One way to improve one’s trust issues is to cultivate the sensations that are opposite to what we feel and experience when we are distrustful. In place of the negativity, uncertainty, and closed-off way of approaching the world that come with trust issues, we can seek to build openness, positivity, and confidence in our conflict management skills (Suwinyattichaiporn et al., 2017).
What might this look like? It could involve activities that help one intentionally focus on instances when trust has been rewarded. Identifying positive instances of trust throughout one’s day could help: from the other drivers who stayed in their lanes during one’s commute to the family member who calls regularly to say hi, people are being consistent and trustworthy more often than we might give them credit for.
In relationships where trust has been broken, we can also learn how to seek greater trust. If there are people in our lives who have withdrawn from us or let us down, we can find new ways – often, softer and gentler ways – to state our needs, describe how meaningful it would be to have the other person meet them, and hope for the best (Burgess Moser et al., 2015).
Trust issues happen for almost all of us somewhere in our lives. That’s natural and good. If you can find somebody who’s never been betrayed or hurt or let down, don’t be jealous. That person has never had to figure out who is trustworthy and who isn’t, and how to make sure their trust is better returned next time. We are all constantly in this process of figuring out where and when we can be vulnerable.
If trusting others has been hard for you, remember how common this is and that you probably are this way for very good reason: somewhere along your life’s journey, there’s been at least one relationship that taught you not to trust. That’s not your fault. Hopefully, you now feel a little more empowered to take action to help yourself, or somebody else, with trust issues.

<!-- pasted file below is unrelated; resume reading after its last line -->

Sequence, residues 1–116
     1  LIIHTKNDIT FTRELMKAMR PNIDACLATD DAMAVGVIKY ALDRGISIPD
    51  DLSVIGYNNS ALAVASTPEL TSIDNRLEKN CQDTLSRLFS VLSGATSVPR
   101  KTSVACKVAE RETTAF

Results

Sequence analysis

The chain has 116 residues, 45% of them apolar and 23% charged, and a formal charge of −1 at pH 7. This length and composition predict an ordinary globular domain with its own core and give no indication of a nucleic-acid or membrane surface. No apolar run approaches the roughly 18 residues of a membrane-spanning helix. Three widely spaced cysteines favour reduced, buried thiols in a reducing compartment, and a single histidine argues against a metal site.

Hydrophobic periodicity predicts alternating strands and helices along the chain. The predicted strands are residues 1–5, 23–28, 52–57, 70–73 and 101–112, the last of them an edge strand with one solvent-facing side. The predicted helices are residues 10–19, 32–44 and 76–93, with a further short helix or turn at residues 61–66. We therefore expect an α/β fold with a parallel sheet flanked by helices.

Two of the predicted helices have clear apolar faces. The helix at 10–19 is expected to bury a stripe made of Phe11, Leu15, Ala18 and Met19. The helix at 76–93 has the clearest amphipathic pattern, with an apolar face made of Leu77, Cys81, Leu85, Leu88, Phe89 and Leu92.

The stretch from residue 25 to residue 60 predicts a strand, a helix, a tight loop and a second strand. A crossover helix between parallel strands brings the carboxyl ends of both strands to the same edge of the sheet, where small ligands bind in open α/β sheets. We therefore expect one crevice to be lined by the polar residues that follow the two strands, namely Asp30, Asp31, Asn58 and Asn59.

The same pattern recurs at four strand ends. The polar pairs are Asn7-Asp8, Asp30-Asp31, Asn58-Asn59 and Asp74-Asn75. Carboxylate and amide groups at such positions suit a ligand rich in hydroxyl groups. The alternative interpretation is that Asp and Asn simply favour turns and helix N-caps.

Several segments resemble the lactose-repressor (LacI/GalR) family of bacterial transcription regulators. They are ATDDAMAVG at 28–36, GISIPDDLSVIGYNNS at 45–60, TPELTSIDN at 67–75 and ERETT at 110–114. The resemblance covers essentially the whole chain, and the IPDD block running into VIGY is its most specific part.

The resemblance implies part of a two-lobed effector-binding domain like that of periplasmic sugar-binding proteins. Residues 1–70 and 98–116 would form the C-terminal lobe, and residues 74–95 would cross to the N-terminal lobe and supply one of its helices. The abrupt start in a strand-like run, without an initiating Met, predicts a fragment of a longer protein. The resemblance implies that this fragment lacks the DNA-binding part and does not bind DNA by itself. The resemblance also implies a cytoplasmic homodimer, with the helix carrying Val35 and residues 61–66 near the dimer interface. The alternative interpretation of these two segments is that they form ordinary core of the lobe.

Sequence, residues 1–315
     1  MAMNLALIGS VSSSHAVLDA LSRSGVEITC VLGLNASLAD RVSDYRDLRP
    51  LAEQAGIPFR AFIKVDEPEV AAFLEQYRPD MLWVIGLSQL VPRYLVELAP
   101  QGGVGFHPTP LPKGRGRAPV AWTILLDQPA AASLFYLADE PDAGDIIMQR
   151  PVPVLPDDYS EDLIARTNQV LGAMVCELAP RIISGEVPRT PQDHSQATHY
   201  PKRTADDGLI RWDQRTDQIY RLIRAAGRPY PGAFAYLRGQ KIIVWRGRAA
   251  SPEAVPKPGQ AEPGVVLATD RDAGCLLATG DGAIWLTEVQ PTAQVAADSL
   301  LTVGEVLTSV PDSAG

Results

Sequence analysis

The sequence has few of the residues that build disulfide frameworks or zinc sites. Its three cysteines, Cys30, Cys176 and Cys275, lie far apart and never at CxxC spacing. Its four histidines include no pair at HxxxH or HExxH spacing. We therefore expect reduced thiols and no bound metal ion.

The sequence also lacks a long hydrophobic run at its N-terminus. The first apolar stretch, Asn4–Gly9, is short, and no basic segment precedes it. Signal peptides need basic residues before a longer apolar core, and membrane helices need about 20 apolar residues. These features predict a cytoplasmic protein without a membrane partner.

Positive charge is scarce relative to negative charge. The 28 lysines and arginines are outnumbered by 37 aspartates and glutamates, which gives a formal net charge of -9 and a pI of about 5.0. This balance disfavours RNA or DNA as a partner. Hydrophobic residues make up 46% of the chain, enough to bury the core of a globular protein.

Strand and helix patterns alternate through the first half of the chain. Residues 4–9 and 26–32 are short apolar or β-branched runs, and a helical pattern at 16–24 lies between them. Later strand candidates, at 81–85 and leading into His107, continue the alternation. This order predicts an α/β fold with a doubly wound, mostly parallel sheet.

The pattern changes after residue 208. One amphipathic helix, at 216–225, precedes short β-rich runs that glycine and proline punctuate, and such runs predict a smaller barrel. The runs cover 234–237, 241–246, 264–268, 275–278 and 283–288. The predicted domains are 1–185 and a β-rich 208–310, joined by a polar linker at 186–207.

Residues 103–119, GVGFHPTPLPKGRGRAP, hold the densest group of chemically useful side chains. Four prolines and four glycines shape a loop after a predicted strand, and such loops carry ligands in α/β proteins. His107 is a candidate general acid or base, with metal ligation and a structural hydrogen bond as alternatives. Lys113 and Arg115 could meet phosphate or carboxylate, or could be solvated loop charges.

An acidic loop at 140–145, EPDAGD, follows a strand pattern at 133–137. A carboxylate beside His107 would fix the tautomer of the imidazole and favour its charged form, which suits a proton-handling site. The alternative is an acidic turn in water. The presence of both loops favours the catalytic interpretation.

Bowlby, J. (1982). Attachment and loss: Vol. 1. Attachment (2nd ed.). New York, NY: Basic Books.
Burgess Moser, M., Johnson, S. M., Dalgeish, T. L., Lafontaine, M.-F., Wiebe, S. A., & Tasca, G. A. (2015). Changes in relationship-specific attachment in emotionally focused couple therapy. Journal of Marital and Family Therapy, 42, 231–245.
Cassidy, J., & Shaver, P. R. (Eds.) (2008). Handbook of attachment: Theory, research, and clinical applications (2nd ed.). New York, NY: Guilford Press.
Covey, S. M. R. (2006). The speed of trust: The one thing that changes everything. New York: Free Press.
Fleeson, W., & Leicht, C. (2006). On delineating and integrating the study of variability and stability in personality psychology: interpersonal trust as illustration. Journal of Research in Personality, 40(1), 5-20.
Guerrero, L. K., Andersen, P. A., & Afifi, W. A. (2014). Close encounters: Communication in relationships (Fourth ed.). Thousand Oaks, California: SAGE Publications.
Lewicki, R. & Weithoff, C. (2000). Trust, trust development and trust repair. In M. Deutsch and P. Coleman (Eds.). The handbook of conflict resolution: Theory and practice. San Francisco: Jossey-Bass.
Mayer, R. C., Davis, J. H., & Schoorman, F. D. (1995). An integrative model of organizational trust. Academic Management Review, 20, 709-734.
Peel, R., & Caltabiano, N. (2021). Why do we sabotage love? a thematic analysis of lived experiences of relationship breakdown and maintenance. Journal of Couple & Relationship Therapy, 20(2), 99-131.
Suwinyattichaiporn, T., Fontana, J., Shaknitz, L., & Linder, K. (2017). Maintaining long distance romantic relationships: The college students’ perspective. Kentucky Journal of Communication, 36(1), 67-89.
Weiss, A., Michels, C., Burgmer, P., Mussweiler, T., Ockenfels, A., & Hofmann, W. (2021). Trust in everyday life. Journal of Personality and Social Psychology, 121, 95-114.